One of the main things I love about this film it’s pacing. The scenes in the village are needed to establish a few things: 1) Jos' image as a tough guy, 2) The dilemma of the oil company, which needs the explosive to put out a well fire. And 3) That the oil company is callously sending these men a suicide mission. This stuff is all dealt with in the opening passages, and then the film plunges into its story. There’s not a wasted frame.

An interesting tidbit about TWOF – When it was released in the States, there were about 20 minutes cut out of it. Not violence or sexual content – It was many of the passages relating to the oil company (which represents capitalist America) and its disregard for the men driving the trucks. It was thought that audiences would be turned off by the films’ anti-American message. It is certainly true that the oil company is show in a pretty harsh light. The companys’ representative is a man named Bill O’Brien, and we watch him as he orchestrates the mission. One line stands out – “They don’t have a union, nor any families. If they blow up, there’s no one to come around bothering me.”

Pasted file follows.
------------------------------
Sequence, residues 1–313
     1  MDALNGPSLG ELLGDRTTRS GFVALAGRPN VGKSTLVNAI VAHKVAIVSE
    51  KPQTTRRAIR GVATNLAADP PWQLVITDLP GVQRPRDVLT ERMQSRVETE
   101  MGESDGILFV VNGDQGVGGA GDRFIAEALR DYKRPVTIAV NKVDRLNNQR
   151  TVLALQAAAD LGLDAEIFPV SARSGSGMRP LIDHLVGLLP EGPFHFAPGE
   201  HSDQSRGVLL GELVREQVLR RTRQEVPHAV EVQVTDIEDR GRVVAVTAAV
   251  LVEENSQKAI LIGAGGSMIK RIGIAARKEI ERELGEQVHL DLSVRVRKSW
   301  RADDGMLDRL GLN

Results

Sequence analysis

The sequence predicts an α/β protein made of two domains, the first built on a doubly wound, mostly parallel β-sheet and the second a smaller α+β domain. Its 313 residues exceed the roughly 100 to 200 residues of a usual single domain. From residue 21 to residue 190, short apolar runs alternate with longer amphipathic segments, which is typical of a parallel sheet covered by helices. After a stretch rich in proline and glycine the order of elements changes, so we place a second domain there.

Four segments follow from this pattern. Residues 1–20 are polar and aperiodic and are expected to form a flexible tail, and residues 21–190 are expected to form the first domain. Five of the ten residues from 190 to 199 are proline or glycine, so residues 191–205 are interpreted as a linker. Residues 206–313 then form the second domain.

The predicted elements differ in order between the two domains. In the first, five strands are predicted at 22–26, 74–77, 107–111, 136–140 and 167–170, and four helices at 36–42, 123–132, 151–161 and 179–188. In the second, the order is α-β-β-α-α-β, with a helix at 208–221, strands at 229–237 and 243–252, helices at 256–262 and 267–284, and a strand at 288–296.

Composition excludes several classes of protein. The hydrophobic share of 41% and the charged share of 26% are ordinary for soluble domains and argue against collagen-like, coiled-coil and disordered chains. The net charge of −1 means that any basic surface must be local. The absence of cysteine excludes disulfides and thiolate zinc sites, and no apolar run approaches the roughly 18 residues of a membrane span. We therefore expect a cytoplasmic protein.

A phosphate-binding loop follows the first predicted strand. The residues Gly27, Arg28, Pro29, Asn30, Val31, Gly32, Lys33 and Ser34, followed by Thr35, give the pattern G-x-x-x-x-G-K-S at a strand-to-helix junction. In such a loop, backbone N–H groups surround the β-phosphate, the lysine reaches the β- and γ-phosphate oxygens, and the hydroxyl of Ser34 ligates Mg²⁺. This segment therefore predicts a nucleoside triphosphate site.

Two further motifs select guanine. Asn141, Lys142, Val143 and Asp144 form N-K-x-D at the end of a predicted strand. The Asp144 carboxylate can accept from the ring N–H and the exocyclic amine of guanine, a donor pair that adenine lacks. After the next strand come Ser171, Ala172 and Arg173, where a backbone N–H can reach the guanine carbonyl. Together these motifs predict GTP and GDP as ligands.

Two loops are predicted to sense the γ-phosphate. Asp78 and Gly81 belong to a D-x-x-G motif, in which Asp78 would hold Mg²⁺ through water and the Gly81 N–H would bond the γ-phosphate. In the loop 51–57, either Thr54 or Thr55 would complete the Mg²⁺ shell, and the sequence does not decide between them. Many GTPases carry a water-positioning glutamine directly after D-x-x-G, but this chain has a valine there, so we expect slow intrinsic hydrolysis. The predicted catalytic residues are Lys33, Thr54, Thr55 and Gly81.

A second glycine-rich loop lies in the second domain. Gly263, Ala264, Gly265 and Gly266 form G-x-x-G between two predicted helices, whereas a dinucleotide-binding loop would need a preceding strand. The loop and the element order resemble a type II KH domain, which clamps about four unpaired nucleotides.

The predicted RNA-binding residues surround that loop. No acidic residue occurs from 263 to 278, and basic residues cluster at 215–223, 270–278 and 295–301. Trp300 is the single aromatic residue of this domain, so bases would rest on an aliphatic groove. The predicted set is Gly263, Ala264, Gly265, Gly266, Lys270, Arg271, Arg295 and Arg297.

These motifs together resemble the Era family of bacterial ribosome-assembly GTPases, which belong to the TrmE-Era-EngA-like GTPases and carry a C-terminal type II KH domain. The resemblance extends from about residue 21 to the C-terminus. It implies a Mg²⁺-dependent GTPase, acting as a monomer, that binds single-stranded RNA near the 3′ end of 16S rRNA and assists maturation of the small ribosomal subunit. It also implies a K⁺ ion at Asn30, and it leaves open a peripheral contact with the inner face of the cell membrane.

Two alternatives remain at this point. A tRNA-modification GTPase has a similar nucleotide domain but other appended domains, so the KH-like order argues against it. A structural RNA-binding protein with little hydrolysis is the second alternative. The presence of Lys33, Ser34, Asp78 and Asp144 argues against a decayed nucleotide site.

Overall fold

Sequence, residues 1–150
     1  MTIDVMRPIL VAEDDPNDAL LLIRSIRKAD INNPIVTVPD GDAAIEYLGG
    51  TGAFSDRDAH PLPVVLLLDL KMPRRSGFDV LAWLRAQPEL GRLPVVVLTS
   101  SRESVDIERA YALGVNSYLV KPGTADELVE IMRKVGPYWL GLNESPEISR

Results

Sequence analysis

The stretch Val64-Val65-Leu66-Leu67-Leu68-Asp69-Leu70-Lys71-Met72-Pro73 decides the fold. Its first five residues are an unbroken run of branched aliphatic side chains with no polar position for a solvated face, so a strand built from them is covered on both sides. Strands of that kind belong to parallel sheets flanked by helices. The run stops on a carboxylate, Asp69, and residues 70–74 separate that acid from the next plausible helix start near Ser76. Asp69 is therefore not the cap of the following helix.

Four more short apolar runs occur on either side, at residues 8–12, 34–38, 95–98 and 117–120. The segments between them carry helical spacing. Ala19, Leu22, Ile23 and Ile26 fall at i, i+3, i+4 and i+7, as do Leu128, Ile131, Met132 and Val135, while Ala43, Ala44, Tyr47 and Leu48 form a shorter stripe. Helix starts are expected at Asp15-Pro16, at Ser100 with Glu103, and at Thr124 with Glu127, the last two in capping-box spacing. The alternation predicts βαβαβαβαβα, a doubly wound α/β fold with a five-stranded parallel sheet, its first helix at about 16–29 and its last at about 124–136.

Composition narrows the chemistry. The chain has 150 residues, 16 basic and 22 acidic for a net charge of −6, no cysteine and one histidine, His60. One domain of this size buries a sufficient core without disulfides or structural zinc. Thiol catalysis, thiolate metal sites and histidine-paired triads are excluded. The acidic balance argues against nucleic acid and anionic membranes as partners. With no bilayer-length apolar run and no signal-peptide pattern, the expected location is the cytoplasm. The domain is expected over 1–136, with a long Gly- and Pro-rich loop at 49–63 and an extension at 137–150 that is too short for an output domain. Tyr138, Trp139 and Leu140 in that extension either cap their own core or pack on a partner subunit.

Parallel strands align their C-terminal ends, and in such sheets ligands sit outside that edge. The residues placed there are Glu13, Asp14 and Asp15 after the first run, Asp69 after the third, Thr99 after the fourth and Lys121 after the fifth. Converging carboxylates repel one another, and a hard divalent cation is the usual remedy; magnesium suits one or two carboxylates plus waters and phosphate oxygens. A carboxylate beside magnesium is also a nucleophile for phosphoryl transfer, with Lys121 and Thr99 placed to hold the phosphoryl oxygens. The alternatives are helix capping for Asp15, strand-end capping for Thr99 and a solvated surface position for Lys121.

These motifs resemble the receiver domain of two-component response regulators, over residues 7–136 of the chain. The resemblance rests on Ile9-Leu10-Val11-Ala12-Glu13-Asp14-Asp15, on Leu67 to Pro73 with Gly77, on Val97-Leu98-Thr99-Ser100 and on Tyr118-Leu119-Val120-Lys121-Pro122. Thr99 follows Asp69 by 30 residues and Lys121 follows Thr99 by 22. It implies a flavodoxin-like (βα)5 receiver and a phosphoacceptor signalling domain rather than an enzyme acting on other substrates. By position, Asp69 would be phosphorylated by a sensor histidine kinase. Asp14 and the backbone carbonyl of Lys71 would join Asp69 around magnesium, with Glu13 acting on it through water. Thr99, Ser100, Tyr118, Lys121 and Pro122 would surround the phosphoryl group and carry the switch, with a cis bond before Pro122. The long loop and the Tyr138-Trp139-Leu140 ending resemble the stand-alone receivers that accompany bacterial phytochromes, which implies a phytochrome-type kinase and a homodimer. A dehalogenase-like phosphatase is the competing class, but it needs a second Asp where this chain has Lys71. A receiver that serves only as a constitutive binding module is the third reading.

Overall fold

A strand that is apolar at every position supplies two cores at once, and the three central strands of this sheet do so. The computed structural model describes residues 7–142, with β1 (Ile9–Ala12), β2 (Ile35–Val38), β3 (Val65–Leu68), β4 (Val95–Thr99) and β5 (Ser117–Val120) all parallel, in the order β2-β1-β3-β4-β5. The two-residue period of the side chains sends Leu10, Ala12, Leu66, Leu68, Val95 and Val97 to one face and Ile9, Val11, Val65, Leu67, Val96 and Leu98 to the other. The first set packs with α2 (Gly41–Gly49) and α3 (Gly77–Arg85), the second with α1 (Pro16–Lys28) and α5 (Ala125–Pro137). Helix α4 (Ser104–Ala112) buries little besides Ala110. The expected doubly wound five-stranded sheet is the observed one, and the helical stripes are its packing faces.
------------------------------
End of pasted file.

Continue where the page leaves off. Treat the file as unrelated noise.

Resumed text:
At its most basic level, TWOF is about cowardice, about how the supposed big shot Jo crumbles when he is confronted by death. It is also about the veneer of courage that men put up for other men. There is a great scene where the two trucks encounter a road blocked by a massive boulder, and one of them decides that they can blow it up with some of the nitro. As one man carefully prepares the explosive, the camera goes to the faces of each of the four men: Bimba sweating profusely as he works, Luigi chewing his gum feverishly, Mario playing with a book of matches, and Jo drumming on the truck with his fingers. When the bomb goes off, and the trucks are being showered with debris, the camera holds on Jo, paralyzed with terror. The film certainly picks on him, but in reality all four men are scared shitless.